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I am the family’s everyday dishes.

No one has ever described me as “dainty” or “precious.” I am hardy and used to withstanding heat and pressure. I am not saved for a special occasion.

I am the daughter who came home. I’m the local girl who will bring the green beans when the special relatives come back for a visit. I’m not the one you plan around or schedule out in advance. I am the last-minute, the, “Oh, by the way,” the, “If you don’t mind.” I am the one who drops by, who brings the extra tomatoes from her garden, who knows how everybody’s kids are doing in school and when my dad is away on business.

I am the mother who stays home. I don’t return from somewhere exciting to be met with hugs and exclamations of joy. I am the everyday, every day mom who is there when you wake up each morning and there to put you to bed that night. I’m the constant in a changing world and during each season of motherhood from the diapers to the driver’s license, I will be the same. I will be present until I am almost forgettable. I am not new and shiny. I’m the creator of routines, the keeper of the chore chart, the reason we are all sane which some days costs me a little of my own sanity.

I am the faithful wife. Each day a little older, a little grayer, a little more wise and a little less gullible. I’m here when you get home, hot meal on the table, remnants of the day’s lipstick barely clinging to my lips. I keep the laundry managed, the bathrooms clean, and I wonder if you see me anymore. My adventures are small—a trip to the library, a lunch with friends, a church event. Will you care about them when I tell you? Will you see them as I do or will they look like the unimportant escapades of a bored housewife?

I am the everyday dishes of my family. But I don’t resent it.

I am the one you can count on to be present in a crisis. I’m not too fragile for your problems. I’m familiar and faithful enough to be trusted with any job and every joy. I’ve seen you at your worst and I’ve loved you at your best. I’ve been a witness to it all because I have been here through it all. I haven’t been spared or saved or hidden away. I am chipped and stained and glued back together from the hardships I’ve seen. But I’m strong.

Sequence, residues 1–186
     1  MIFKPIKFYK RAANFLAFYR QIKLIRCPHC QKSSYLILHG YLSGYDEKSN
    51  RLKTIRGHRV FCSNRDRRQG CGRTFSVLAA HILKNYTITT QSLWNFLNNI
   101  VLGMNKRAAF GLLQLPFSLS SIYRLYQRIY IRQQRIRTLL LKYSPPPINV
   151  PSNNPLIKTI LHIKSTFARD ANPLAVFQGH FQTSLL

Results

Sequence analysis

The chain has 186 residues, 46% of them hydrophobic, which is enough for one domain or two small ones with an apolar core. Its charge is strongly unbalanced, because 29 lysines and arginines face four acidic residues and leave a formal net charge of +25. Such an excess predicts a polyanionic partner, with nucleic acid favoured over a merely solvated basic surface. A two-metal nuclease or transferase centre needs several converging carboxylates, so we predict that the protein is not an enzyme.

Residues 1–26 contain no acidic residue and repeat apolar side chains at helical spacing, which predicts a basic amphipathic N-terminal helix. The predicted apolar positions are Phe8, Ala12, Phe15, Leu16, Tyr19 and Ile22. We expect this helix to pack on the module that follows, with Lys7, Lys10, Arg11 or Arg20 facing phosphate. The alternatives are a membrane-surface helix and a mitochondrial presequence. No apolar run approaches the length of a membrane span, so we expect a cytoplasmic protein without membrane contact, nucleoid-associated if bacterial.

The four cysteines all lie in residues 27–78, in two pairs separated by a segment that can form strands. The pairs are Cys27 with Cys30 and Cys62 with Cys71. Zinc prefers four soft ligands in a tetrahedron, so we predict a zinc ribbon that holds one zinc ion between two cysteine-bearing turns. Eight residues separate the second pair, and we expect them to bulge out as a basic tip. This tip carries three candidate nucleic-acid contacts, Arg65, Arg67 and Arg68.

The fine china never knows the joy of the mundane—a happiness I’ve become so familiar with. To be ever-present means to have seen the first steps, the first words, and the first love notes and locker combinations. I haven’t missed a thing and I’ve cherished it all in my heart. I’ve noticed the subtle changes in your demeanor when the day has been hard and I scramble to know how to make it right. I know the recipes you love and when you need a minute to yourself or a night with friends. I stay just above the chaos, coordinating, managing, swimming with my head barely above the surface.

I don’t regret becoming the everyday dishes. There’s a place for the fancy and fine, but that’s not me. I can appreciate the beauty of those who haven’t been broken by this world and I can wish for them the life I wasn’t given or maybe never really wanted—a life of adventure or a life of being favored or being precious. But I will instead find joy in being dependable and predictable. I will be confident that my mother knows I will come when there’s a crisis and I will always bring the green beans when the family comes to town. I will be thankful that my kids know I’m safe, I’m fully present, I love them and I’m near when they need me and joyfully cheering them on when they don’t. I will be content to know my husband sees me as his closest friend and trusts me with an intimacy he doesn’t share with anyone else.

And I will continue to invest in myself with a value on growing and learning while also embracing who I love to be.

I don’t need to invent dreams I’m supposed to follow. I don’t have to become some superwoman version of myself to be worthy of love. I don’t need to do more or be more to prove I have value. I can be the everyday dishes of my family. And that can be enough.

So God Made a Mother book by Leslie Means

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Maralee Bradley

Maralee is a mom of six pretty incredible kids. Four were adopted (one internationally, three through foster care) and two were biological surprises. Prior to becoming parents, Maralee and her husband were houseparents at a children’s home and had the privilege of helping to raise 17 boys during their five year tenure. Maralee is passionate about caring for kids, foster parenting and adoption, making her family a fairly decent dinner every night, staying on top of the laundry, watching ridiculous documentaries and doing it all for God’s glory. Maralee can be heard on My Bridge Radio talking about motherhood and what won't fit in a 90 second radio segment ends up at

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